“Australia had never built a proper tank before, so by the time the tank was ready for testing in July 1942 it was a little outdated.”

“By the time the fighting really got going against the Japanese, the Americans and British had started producing tanks of their own in large numbers and to a standard design.

“So it just simply didn’t make sense for Australia to continue to produce their own tank.”

The closest any Sentinel tank ever came to seeing actual military service was in the shooting of the film The Rats of Tobruk.

“If you see The Rats of Tobruk they’ve got German iron crosses on the side of them,” Mr Moran said.

“That was pretty typical of movies in the post-war industry; they didn’t really think the audience cared if a tank looked realistic, as long as it had a German cross on the side.

“In fairness, at least the Sentinel was unusual enough that it wasn’t going to be confused with something the Allies were using.”

For the full ABC article, click here.

Earlier this month Wargaming released a short video about this particular AC1 Sentinel.

 

For a list of the remaining Sentinel tanks in the world, click here to view a PDF of surviving Canadian and Australian Cruiser tanks hosted by the Surviving Panzers website.

Photo of the Day: Suspension tests at TARDEC

This photo shows a HSTV-L undergoing suspension tests while mounted on Reconfigurable N-Post Simulators (RNPS) at TARDEC Bldg. 215.

Suspension tests

Photo of the Day: 3/22/2016

We believe this photo comes from the Virginia Museum of Military Vehicles.  It shows quite well the difference in size between the British Valentine tank and the M3 Grant.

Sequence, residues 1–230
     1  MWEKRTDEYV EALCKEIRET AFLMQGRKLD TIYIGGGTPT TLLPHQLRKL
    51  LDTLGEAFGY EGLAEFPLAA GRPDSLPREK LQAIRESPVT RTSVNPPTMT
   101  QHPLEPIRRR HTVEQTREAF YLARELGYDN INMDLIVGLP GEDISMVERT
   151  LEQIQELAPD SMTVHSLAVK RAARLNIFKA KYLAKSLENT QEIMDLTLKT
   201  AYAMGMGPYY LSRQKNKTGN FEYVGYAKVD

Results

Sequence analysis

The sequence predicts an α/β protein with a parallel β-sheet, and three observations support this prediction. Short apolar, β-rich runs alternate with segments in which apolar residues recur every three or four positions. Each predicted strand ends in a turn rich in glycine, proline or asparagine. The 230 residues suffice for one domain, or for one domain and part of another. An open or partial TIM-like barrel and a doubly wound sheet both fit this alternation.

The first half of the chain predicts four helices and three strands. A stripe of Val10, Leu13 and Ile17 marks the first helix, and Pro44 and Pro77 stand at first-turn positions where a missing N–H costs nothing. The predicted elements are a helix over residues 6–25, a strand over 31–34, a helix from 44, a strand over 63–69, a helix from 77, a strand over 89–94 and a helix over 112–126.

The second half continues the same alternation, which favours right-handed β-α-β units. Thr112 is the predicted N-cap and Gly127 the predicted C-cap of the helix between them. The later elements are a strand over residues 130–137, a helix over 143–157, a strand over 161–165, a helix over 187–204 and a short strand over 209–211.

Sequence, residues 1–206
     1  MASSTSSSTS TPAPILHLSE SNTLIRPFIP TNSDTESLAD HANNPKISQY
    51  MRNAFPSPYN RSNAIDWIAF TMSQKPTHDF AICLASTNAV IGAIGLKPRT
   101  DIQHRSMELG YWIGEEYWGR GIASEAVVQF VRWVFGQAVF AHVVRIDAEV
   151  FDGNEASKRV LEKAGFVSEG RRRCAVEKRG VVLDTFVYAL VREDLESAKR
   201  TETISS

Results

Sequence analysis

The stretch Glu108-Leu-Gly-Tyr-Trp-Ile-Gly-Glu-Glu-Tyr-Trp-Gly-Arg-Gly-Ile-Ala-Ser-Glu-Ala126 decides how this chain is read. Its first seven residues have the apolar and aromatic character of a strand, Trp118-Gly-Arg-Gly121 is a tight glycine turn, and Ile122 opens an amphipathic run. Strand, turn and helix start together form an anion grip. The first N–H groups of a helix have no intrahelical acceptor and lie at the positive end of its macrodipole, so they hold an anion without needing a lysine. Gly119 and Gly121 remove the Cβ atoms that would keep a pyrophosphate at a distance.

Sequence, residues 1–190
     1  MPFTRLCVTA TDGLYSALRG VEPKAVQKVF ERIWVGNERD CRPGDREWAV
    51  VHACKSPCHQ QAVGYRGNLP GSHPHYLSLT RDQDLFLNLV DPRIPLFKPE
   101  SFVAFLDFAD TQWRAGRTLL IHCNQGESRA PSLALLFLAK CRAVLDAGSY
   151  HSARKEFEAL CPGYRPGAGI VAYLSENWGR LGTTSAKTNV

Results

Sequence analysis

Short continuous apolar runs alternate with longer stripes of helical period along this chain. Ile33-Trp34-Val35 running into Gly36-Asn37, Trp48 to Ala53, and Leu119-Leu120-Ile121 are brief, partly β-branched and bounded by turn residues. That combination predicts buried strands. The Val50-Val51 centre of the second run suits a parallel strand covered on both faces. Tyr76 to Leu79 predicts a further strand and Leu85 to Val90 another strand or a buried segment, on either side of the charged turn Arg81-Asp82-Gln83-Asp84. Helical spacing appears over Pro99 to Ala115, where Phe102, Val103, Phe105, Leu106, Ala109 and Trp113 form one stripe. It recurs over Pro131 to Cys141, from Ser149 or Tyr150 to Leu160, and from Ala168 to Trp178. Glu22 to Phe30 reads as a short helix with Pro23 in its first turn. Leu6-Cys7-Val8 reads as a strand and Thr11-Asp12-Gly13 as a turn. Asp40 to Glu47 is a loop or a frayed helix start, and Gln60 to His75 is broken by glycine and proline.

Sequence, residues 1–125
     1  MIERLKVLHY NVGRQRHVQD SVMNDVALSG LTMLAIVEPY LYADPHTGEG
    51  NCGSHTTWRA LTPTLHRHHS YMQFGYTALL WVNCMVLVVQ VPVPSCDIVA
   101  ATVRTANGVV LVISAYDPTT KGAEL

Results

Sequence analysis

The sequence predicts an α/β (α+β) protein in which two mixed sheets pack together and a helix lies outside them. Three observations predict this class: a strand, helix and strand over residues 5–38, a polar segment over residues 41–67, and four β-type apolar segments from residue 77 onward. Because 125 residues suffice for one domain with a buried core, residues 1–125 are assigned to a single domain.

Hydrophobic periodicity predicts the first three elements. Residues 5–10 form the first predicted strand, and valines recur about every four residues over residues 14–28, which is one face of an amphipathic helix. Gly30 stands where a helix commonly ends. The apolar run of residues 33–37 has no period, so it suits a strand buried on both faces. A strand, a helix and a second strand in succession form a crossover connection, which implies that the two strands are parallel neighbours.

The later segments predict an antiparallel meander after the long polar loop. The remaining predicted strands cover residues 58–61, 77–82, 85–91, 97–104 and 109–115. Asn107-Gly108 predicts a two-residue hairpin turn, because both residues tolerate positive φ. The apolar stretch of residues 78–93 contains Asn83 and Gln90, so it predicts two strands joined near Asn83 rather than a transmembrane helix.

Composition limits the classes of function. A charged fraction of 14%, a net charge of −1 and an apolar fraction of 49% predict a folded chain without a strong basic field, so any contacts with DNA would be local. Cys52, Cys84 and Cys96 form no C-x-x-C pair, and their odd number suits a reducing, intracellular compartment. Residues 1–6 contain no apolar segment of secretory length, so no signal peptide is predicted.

IMG_6247-vi (1)

Uralvagonzavod to start giving tours

According to Sputnik news.com, the Russian tank building plant Uralvagonzavod will be opening up part of their facility for military tourism.  Uralvagonzavod, located at Nizhny Tagil in the Ural Mountains, is the builder of the T-90 MBT and the new Armata T-14.  According to the Sputnik new.com article:

uralvagonzavod_building-e1406836865487The tour will also include a visit to the Museum of Armored Vehicles, which features more than a thousand exhibits, from the T-34 to the T-90, as well as samples of armor, shells, and other individual components of the plant’s production, plus rare books, other literature and paintings. Visitors, the press release says, will be able to get a look at some of the vehicles on display both inside and out.

The final stage of the tour will feature a demonstration of the T-90 main battle tank on the move, along with a master class from the vehicle’s commander. Moreover, program organizers promise a working lunch in the plant’s workers’ canteen, plus a soldier’s lunch of porridge out in the field.

The ‘Voyentur’ (‘Military Tour’) program is scheduled to begin operations later this year, the company promises.

Full article here.

 

Video: Engines of War 2016

This video shows some of the vehicles on display as part of the 2016 “Engines of War” exhibition in Russia.  This exhibition features 120 vehicles from 16 different countries from the Second World War.

Video: US Marine M1 Abrams in action

This video titled “US Marines Showing Their Talents to Operate the Monstrously Powerful M1 Abrams Tank” was posted on youtube over the weekend by Daily Military Defense News. The video description states:

U.S. Marines with 2ND Tank Battalion, 2ND Marine Division conduct vehicle off-loading operations and range fire exercise aboard Ft. Knox, KY. These operations were in support of 2ND Tank Battalion Deployment for Training Exercise .

Video by Lance Cpl. Justin Davis, Staff Sgt. Albert Carls, Cpl. Shannon West